|Hollywoodland||Dec 1 2015|
This photo shows actress and Playboy centerfold Sally Todd in L.A. County Court, where she was answering for drunk driving charges. Todd had triggered an August 1958 traffic accident, a five-car smash-up so violent that she was ejected from the passenger window of her sports car, but survived with minor injuries. A miracle? Perhaps, if you believe in such things. What may be even more miraculous is that charges against her were dropped, though she admitted having had drinks. Most accounts say that happened in September, but this photo, which is from the digital archive of the Los Angeles Examiner, is dated December 1, suggesting either charges were not dropped until later in the year than most sources say, or that Todd made a return trip to court for a second driving offense. We're going with option one—the photo, which we have no doubt is correctly dated, was made when she appeared in court and learned that August's drunk driving charges against her had been dropped. That was today in 1958.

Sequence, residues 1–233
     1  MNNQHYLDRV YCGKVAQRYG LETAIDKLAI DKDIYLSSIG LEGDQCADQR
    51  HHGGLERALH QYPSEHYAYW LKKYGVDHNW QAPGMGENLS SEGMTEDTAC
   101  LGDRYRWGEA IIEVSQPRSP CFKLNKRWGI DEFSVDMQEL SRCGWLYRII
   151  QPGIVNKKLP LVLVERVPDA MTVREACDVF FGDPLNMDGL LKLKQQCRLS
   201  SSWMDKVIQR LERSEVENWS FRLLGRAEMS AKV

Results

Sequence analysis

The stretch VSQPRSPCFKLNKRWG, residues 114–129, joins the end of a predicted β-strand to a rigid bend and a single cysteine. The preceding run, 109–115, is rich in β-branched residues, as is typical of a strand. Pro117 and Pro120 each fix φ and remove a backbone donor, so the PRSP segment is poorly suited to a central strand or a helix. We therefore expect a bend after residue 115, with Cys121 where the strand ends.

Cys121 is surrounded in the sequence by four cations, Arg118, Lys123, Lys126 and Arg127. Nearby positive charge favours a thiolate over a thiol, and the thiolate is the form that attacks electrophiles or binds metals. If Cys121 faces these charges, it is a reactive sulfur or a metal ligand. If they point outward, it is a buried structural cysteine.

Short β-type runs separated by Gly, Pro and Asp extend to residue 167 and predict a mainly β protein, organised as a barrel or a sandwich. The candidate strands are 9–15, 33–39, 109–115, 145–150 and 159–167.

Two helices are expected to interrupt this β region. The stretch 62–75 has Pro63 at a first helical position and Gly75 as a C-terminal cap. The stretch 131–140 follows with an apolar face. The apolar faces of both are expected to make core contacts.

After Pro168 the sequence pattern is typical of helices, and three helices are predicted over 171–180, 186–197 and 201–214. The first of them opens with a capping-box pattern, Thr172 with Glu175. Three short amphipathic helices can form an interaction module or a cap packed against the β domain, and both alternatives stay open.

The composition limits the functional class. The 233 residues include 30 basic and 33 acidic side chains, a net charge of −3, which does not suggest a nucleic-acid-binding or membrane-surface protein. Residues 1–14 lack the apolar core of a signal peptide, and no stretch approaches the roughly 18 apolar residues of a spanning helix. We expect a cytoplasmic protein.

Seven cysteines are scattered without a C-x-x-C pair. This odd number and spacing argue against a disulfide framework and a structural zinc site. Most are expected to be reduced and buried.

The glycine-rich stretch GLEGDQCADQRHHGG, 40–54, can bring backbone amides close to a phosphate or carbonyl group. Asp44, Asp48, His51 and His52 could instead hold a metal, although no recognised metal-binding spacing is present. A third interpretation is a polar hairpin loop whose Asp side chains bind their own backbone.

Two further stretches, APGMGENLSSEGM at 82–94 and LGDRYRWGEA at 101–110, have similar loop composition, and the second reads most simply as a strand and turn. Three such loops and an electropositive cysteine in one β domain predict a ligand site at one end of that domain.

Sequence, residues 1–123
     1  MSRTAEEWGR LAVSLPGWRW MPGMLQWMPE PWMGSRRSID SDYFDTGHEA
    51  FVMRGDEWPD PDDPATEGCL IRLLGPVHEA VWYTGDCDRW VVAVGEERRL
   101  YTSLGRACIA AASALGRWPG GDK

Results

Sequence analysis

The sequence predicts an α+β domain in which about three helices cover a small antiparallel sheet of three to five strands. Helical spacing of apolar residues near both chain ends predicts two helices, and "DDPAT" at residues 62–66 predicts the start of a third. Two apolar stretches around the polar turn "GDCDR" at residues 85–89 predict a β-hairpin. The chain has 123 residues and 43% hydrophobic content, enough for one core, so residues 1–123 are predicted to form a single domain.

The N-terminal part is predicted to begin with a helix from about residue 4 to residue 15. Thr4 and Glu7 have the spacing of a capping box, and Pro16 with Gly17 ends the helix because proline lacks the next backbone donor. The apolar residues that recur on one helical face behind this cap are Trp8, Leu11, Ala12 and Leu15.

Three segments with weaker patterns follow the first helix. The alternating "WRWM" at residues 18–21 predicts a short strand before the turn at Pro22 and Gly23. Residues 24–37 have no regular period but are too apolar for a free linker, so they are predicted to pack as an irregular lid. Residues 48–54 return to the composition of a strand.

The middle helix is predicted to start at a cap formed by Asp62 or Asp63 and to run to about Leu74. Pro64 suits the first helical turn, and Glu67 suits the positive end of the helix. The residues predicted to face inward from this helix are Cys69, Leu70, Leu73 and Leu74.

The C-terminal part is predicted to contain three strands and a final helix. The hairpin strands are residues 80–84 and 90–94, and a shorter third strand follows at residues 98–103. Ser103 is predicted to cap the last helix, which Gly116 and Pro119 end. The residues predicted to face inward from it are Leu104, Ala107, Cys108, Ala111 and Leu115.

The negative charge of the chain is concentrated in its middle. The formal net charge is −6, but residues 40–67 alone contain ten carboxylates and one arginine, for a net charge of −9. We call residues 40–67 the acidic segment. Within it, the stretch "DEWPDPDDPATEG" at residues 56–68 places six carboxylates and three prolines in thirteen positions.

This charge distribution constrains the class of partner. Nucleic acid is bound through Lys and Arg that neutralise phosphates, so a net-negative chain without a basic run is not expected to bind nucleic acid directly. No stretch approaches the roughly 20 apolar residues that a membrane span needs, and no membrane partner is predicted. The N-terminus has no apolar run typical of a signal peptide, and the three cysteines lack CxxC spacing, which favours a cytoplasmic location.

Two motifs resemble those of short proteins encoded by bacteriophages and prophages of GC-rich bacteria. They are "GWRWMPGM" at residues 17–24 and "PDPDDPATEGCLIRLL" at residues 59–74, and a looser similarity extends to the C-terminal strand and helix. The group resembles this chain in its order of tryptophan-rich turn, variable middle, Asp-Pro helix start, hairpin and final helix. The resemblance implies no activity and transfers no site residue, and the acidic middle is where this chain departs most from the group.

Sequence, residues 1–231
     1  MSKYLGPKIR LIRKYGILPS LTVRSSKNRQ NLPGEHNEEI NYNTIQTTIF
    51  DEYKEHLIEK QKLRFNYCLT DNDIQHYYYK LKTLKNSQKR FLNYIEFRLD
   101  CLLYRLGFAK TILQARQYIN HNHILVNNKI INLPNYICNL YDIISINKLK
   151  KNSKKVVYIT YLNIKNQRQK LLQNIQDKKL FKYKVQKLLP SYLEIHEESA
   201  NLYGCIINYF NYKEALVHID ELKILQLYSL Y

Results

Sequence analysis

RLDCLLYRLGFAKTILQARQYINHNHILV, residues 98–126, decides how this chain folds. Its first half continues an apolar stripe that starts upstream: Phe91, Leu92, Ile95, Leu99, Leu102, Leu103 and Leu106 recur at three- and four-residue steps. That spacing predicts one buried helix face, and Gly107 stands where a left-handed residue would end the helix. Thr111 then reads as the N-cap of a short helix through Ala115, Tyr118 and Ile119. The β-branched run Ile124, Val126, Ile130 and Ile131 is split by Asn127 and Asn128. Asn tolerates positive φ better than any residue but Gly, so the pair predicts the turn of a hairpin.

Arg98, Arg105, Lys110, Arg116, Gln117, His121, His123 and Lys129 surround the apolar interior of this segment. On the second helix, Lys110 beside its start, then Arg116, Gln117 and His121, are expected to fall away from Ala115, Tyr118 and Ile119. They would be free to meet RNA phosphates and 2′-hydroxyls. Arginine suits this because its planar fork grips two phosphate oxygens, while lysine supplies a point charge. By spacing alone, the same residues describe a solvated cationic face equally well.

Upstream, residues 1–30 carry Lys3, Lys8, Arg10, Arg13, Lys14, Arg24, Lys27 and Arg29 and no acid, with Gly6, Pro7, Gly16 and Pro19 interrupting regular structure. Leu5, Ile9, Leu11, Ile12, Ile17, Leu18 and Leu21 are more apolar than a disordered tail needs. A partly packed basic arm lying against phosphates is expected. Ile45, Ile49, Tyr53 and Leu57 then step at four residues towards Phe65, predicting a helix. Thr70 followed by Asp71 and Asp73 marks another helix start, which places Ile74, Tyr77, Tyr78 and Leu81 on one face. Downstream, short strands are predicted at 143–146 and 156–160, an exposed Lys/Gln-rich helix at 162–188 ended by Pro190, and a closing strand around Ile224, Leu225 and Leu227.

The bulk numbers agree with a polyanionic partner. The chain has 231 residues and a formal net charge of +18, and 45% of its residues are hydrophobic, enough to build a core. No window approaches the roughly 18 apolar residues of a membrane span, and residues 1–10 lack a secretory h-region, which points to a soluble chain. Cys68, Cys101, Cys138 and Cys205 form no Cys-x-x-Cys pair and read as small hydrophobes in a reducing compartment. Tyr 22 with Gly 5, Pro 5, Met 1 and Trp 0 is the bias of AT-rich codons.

|Vintage Pulp||Mar 16 2009|
In Frankenstein’s Daughter Victor Frankenstein’s grandson Oliver lives in Los Angeles, but the perfect Southern California weather has done nothing to cure his gloomy familial obsession with creating life from dead body parts. The poor monster he constructs has both male and female chunks, most notably the head of Playboy model Sally Todd. Sally doesn’t look as hot here as she did in her nudie layouts, but that’s because those magazine photos are mostly make-up, lighting and airbrushing—oh, and she got fatally run over by a car, which is why her head is available in the first place. Anyway, Oliver’s creation mainly shuffles confused and inarticulate through a film that is itself confused and inarticulate, and which many claim is the worst Frankenstein flick ever made. We don’t think so and we can tell you why with one word—Frankenstein Meets the Space Monster. Okay, five words. The point is, Frankenstein’s Daughter, filled with rich, creamy badness though it may be, is merely a worthy runner-up. Always the bridesmaid, never the bride. It premiered in France and Belgium as La fille de Frankenstein today in 1962.